Countless foreign tourists visit Egypt each year, dodging the importuning hawkers to trudge round Cairo’s marvellous Egyptian Museum or the Pyramids of Giza, towards which the city’s housing sprawl approaches. The city of twenty million runs the whole gamut from luxury apartments to sewerless slums in which there are some one million homeless ‘street children’. Everywhere the tourist ventures there are men in dark suits from which the clips of submachine guns protrude when they sit for a break, interspersed with the more lackadaisical Antiquities Police in white uniforms with a cigarette in one hand, rifle in the other. Along the capital’s Nile embankments, practically every street corner has a metal shield with a small aperture cut into it, behind which sit more men with guns, whom you will again encounter in more discreet guise after passing through the metal detectors in the entrances of the better hotels in the city.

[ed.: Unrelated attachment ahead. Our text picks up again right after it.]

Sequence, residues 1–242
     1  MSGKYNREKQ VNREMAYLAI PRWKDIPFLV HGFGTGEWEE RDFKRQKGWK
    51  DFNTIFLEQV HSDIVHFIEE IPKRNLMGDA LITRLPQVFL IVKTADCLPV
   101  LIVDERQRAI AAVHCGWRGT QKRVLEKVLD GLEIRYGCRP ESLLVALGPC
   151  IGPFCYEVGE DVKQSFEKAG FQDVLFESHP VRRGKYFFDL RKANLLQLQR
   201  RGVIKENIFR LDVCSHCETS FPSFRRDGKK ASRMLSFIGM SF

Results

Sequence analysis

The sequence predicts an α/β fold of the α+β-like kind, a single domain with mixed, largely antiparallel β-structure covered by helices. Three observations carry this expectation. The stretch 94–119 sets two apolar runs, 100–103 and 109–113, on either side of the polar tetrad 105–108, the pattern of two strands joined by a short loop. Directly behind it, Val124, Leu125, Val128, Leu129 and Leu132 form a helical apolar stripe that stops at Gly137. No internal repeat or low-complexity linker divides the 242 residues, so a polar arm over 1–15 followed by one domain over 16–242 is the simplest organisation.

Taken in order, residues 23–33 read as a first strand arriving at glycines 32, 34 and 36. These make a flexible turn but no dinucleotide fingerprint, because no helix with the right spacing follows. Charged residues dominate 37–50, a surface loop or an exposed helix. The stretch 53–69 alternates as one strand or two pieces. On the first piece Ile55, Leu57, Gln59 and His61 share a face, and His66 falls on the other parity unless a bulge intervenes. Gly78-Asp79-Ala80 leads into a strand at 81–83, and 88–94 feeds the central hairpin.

This highly visible security is necessary, although one wonders how many innocent people might die at the hands of jittery policemen, even though tourists are treated like fragile objects. In November 1997 fifty-nine tourists were killed by terrorists in the Temple of Hatshepsut in Luxor. Among those hacked or shot